in terms on content coming into calabash, you are right, the majority of content is label provided. however, we are getting more and more from artists, and working with local folks around the globe to provide us with direct connections to the best local artists, meaning we’ll have more and more GOOD global international independent content. we’ll also continue to get label/aggregated content to make our customers happy.

    i’ve also been thinking about creating a “Genre” on our site specifically to feature those artists that we’ve done a direct deal with, and your posting may just push me over that edge. any ideas on what to call that genre would be appreciated . . .

    ok, that’s way enough for now, but let’s keep this discussion rolling.

  4. p.s. – regarding vieux farka toure. if you are in nyc, go to pacha on the 2nd of feb for the launch of his remix album. headed up by the globalsonic crew, vieux’s remix album will feature karsh kale, eccodek, and a bunch more hot hot remixes. (both the remix and the full album will be available at calabash by feb 13th at the latest – as that is the official launch date).

  5. Jace, Erich, W&W,
    Good to get this discussion rolling in a public sphere. Erich wrote to some of the development, timing and reasoning behind the “fair trade” label so I’ll leave those words and add a few more ideas that we’ve been tossing around. Before I do, I’ll second the notion that working to implement policies, promotions and programs that generate attention and income for musicians is ultimately more important than a definition of fair trade music.

    Calabash Music is an evolving model of music commerce, community networking, and artist empowerment. Technological and financial constraints along with the current level of internet access in the asymmetrically wired world are all pieces of the puzzle we contend with daily. Negotiating the stakeholder needs of artists, music fans, and staff all come into play as we work to develop audience and technology.

    The existing models of fair trade in physical goods (coffee, tea, clothes, baskets, etc…) do not include the enabling of producers to take part in marketing, promotion or distribution. Generally fair trade practices do not set a percentage of return to the producer rather they are a set of guidelines for livable wages and environmental sustainability. Percentages of profit sent to the producer and actual payout is not widely available (correct me if I am wrong). Accepting imperfections in the system (maintains a global wage labor culture and usually includes long distance transportation) the guidelines are far better than the plantation economies of yesteryear. Posting our artist contract and sharing our profit structure are examples of our efforts to construct guidelines for a fairer trade music system.

    Jace mentions his thoughts on “fair trade”:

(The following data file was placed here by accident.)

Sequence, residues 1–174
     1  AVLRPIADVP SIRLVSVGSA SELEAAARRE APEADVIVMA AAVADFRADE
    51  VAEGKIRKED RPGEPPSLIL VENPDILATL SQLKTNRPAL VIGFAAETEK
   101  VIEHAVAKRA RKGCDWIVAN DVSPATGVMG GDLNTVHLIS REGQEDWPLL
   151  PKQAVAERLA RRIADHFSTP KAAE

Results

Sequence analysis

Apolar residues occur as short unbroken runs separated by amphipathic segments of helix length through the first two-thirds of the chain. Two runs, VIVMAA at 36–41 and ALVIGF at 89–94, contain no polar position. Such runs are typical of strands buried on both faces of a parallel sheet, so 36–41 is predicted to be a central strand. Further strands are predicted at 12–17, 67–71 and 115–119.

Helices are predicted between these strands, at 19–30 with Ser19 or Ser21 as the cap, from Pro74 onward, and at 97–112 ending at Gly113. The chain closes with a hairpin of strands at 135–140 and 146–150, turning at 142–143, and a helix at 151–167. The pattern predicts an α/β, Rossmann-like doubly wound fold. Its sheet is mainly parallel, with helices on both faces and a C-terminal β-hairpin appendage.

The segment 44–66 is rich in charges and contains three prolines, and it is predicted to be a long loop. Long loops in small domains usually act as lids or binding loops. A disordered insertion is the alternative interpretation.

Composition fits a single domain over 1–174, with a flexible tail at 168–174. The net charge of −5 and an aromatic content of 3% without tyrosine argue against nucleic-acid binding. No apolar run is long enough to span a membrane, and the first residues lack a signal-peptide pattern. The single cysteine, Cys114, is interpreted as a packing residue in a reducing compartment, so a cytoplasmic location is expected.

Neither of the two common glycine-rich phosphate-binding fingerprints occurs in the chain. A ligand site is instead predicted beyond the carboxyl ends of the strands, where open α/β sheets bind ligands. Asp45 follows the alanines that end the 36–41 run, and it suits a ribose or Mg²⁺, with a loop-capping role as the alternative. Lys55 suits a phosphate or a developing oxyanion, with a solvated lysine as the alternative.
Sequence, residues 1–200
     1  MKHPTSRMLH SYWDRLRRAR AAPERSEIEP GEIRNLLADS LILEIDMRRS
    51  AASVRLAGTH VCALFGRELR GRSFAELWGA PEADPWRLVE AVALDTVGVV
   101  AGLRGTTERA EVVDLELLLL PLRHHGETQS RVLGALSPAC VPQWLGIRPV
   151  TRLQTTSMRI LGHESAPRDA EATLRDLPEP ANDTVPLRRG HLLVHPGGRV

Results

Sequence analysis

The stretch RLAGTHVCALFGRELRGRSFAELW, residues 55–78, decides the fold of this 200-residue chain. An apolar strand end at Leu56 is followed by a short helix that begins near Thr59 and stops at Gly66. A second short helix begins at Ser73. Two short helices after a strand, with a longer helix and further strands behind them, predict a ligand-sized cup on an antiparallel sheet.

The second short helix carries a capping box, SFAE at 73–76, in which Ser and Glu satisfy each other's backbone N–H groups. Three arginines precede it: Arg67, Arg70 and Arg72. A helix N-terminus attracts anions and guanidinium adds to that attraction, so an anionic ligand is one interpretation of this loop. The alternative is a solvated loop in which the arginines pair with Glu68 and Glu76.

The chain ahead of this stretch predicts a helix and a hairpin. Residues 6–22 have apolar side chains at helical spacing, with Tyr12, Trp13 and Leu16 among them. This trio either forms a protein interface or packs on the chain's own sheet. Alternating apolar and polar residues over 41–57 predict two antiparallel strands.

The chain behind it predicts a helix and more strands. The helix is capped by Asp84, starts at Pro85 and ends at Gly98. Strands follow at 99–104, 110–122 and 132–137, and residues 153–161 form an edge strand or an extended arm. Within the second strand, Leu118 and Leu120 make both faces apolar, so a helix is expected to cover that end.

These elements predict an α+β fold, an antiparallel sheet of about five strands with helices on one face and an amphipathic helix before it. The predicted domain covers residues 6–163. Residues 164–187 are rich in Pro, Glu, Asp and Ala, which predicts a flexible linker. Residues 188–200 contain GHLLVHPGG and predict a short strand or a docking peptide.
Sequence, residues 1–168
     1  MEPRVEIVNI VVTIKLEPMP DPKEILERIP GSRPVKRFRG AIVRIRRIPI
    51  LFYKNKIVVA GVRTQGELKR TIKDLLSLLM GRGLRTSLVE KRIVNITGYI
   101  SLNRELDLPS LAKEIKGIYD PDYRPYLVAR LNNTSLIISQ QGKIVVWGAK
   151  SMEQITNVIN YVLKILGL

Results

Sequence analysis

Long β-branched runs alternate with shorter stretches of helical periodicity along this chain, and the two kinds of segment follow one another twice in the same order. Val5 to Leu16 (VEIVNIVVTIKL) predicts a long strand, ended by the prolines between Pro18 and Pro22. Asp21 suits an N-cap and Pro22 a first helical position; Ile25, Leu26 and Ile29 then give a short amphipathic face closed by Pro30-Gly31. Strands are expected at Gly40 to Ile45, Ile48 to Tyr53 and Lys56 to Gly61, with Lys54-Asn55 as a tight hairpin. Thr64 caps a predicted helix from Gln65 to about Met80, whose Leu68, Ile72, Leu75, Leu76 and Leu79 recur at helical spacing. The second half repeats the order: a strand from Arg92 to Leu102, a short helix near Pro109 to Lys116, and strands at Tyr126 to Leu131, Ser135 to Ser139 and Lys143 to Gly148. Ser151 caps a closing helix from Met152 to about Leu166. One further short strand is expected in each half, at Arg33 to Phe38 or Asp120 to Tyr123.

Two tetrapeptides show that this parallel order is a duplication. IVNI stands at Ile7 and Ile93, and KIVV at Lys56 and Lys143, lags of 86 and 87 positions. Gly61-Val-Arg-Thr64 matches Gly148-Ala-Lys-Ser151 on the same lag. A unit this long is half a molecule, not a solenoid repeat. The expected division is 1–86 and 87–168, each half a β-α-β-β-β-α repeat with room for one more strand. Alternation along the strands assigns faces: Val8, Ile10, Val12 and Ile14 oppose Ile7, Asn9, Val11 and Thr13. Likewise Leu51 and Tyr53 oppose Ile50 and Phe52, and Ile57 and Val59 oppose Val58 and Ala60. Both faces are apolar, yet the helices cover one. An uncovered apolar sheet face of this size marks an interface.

SEEDS, spreading free & open-source software — ie if we are talking about free & open ‘web-shop’ applications.

    Totally with you. Giving artists tools and means to use them is key. I take this idea of “seeds” to mean operating to enable artists to promote themselves and generate income, and engaging an audience by introducing them to artists they may not otherwise know or take interest in. Calabash Music has developed with this in mind and continues to hone the tools that artists and their listeners can use to make noise on the web while connecting it to a commerce tool. This past fall we released code for our embeddable flash player allowing people to easily post music and call attention to an artist or song.
    Generating ‘web-shop’ software for artists to use is important. There are and should be ways to buy direct from artists. However, given the wide verity of artist familiarity with programming and desire to maintain a retail outlet in the global sphere, Calabash offers an option that is relatively easy to set up and maintain. Our contracts with artists and labels are non-exclusive meaning that anyone on our site is free to sell anywhere else – we often encourage this. DRM free mp3s and DRM free contracts.
    Ultimately, we (writers, promoters, retailers, programmers, and more) are mediating musical experience. Often introducing an artist and their music to an audience that will hopefully turn around and pay for that experience by sharing the artists with another and/or putting money down. Designing tools like the embedded album, video players, rss for artist pages, and artist blogs on those pages opens up avenues for artists to represent themselves. Without spilling the beans on future developments I’ll say that we are continuing to make the interface easier for artists to have more control over their content and more direct contact with the users.

    I agree that label listing and/or a section of “artist direct” music is a step we been wanting to take and should not wait any longer on.

    keep the questions coming,

  6. thanks for the comments and context guys! much appreciated.

    for the record, i am a big fan of non-exclusive contracts for paid download services! and Erich — i think the ‘artist-direct’ genre would be a nice, useful thing.

  7. On the guinea tip, a fascinating blog from frank aka voodoo funk who moved there apparently just to dig for vinyl(bringing wife & kid with him, now there is dedication).

    things seem to be getting a bit hairy there at the moment rather inconveniantly interupting his digging mission but he’s managed to get a few mixes upped including one by the syliphone label

    great read, pics and music but the 2nd afro funk mix is the killer

  8. just back from APAP and globalFEST in nyc. heard derek spin a sick set at sutra, including his vieux remix. like he said, pacha will be a HOT show.

    also, wanted to let folks know i’ve posted my fair trade in music talk i gave in south africa at the moshito music conference on my blog ( permalink for my whole talk:

    permalink for my notes on fair trade:

    there is also a convo about the tune your world campaign on calabash’s blog. permalink for that discussion: